Former Texas Governor Rick Perry is taking a position to Hillary Clinton’s left on financial reform, and pushing for a policy to break up big banks staunchly advocated by Sen. Elizabeth Warren (D-Mass.).
The GOP presidential candidate laid out his vision for Wall Street reform in a speech Wednesday. And among his policy proposals, Perry apparently advocated for the return of the Glass-Steagall Act, which established a firewall between traditional commercial banking and investment banking.Perry’s stance would put him further to the left on that particular point than Clinton, and squarely in the camp of Warren and Sen. Bernie Sanders (I-Vt.).
In remarks delivered in New York, Perry did not mention Glass-Steagall by name, but floated among several policy proposals one that is practically identical.
“We could once again require banks to separate their traditional commercial lending and investment banking and related practices,” he said, according to prepared remarks.
Perry also floated an alternate idea of requiring large banks to hold additional capital as a cushion, but the idea of cleanly separating commerical and investment banking was a signature provision of Glass-Steagall.
Liberals like Warren have pushed for Glass-Steagall’s return for years, after it was repealed under President Clinton. Former Maryland Gov. Martin O’Malley, who is also running for president, argued that its return should be a central plank of any Democratic presidential platform.
Some GOP lawmakers have signed on to the effort, but Perry’s remarks make him the first in a crowded GOP field to float the idea.
And while he criticized her as newfound “proponent of Warrenism” due to her recent proposal to increase capital gains taxes, Perry’s particular position also puts him to the left of Hillary Clinton. The Democratic frontrunner has struck a cautious tone about the law, saying the matter of “too big to fail” is more complex than one single law.
Perry’s speech Thursday is among the most detailed remarks on Wall Street from a GOP candidate thus far, and he endeavored to thread a politically precarious needle.
He gave a nod to the lingering public discontent towards Wall Street and the wealthy, while arguing that Washington politicians and bureaucrats deserve a hefty share of the blame for the 2008 financial crisis.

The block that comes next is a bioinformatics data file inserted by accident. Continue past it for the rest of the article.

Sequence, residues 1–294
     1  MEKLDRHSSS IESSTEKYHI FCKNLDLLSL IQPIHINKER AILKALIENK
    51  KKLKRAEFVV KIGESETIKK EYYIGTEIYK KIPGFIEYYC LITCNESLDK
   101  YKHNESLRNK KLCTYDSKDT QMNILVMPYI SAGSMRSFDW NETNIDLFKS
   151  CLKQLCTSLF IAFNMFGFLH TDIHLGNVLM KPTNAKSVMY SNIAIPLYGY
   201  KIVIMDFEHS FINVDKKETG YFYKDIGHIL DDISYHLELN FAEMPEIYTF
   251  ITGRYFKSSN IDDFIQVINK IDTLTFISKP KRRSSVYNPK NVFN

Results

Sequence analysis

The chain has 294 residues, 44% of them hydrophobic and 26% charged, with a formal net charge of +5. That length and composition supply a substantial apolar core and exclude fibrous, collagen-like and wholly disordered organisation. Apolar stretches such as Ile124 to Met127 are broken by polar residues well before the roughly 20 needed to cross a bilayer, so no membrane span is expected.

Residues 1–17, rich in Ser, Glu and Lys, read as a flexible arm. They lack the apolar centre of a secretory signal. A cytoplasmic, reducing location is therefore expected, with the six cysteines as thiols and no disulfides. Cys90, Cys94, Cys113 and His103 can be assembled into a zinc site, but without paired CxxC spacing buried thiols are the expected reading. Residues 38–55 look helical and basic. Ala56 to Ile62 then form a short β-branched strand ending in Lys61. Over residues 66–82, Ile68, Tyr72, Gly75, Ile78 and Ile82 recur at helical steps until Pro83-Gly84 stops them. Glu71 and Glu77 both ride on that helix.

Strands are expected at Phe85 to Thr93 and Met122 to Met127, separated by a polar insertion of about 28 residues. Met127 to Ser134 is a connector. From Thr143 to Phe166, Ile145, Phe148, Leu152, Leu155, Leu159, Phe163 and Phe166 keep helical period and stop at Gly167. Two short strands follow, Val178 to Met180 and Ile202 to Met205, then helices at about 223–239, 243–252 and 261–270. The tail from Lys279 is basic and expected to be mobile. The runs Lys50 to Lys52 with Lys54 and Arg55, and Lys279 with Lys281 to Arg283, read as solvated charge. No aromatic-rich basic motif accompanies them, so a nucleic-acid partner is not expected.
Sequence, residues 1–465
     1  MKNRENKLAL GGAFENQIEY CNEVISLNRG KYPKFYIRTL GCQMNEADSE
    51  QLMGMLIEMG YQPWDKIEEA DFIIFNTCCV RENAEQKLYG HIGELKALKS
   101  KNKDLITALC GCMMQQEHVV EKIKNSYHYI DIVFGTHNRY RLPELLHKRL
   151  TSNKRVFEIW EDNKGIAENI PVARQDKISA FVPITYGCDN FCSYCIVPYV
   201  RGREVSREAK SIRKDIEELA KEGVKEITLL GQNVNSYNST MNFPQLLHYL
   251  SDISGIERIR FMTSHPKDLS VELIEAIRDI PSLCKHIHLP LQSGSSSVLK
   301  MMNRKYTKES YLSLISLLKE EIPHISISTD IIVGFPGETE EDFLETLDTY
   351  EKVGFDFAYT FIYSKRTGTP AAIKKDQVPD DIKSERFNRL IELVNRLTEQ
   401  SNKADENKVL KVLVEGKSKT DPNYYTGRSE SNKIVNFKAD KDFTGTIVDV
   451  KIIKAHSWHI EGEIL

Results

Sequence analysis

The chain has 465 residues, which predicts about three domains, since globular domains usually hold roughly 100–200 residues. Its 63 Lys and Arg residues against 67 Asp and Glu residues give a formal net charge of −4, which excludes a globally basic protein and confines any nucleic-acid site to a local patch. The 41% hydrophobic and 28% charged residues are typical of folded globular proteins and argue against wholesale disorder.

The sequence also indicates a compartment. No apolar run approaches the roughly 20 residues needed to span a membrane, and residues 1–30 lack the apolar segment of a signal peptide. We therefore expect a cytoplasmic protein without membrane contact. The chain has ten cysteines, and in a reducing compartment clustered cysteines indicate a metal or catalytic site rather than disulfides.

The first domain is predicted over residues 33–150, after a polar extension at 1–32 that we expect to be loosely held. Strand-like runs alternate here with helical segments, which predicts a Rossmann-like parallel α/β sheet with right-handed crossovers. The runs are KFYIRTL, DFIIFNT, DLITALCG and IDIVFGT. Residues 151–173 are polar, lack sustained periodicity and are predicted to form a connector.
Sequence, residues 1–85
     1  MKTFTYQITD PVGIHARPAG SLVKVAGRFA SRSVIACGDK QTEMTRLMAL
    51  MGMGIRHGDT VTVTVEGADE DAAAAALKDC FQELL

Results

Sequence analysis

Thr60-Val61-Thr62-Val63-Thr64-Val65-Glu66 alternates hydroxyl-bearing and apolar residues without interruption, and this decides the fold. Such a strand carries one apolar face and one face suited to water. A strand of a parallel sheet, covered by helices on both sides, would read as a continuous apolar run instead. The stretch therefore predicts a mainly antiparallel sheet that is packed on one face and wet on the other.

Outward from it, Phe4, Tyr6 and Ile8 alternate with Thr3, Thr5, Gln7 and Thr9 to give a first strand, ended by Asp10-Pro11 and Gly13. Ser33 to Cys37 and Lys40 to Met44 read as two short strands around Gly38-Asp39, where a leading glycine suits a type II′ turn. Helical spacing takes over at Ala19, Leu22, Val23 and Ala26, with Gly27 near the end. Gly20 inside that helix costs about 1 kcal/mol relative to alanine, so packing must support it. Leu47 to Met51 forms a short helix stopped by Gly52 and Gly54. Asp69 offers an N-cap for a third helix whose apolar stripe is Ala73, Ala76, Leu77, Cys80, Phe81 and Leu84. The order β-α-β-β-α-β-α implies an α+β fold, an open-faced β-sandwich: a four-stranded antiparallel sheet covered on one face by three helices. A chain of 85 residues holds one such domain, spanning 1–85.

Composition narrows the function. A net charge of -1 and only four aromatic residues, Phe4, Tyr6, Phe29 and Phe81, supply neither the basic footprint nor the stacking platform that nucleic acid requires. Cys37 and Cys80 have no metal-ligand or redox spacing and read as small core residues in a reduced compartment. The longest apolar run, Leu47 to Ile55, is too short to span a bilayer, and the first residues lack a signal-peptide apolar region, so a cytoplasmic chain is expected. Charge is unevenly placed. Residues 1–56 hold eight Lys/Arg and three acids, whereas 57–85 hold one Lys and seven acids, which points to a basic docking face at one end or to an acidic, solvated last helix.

“I am tired of politicians bashing Wall Street while ignoring the sins of Washington, DC,” he said.
And while he vowed to never bail out a bank if elected president, he blamed the nation’s housing policies before the crisis for sowing the seeds of the meltdown. He also criticized the Federal Reserve, saying it kept rates too low for too long before the crisis, encouraging the housing bubble.
But when it comes to regulating Wall Street, he argued that the Dodd-Frank financial reform law missed the mark.
“Dodd-Frank took aim at Wall Street and the bullet went right through them and hit Main Street,” he said.
While favoring stronger cushions for big banks, Perry argued that community banks, banks run as partnerships and asset management firms should be wholly exempted from Dodd-Frank’s new rules. He also said “orderly liquidation authority,” a new Dodd-Frank power that lets regulators step in and wind down a failing financial institution, should be scrapped and replaced with a new big bank bankruptcy process.
Perry also called on Congress to wind down housing giants Fannie Mae and Freddie Mac, but did not detail a process for doing so. There is bipartisan agreement that the current housing finance system, in which Fannie and Freddie guarantee the vast majority of new mortgages, is unsustainable, but coming up with a new system has been a significant challenge.
In the meantime, Perry said the two government-sponsored enterprises should be placed under stricter rules regarding the types of mortgages they can back, while encouraging private entities to adopt a bigger role in the marketplace.
He also pushed for changes to the Consumer Financial Protection Bureau long favored by Republicans, including bringing its budget under congressional control and reworking its leadership structure.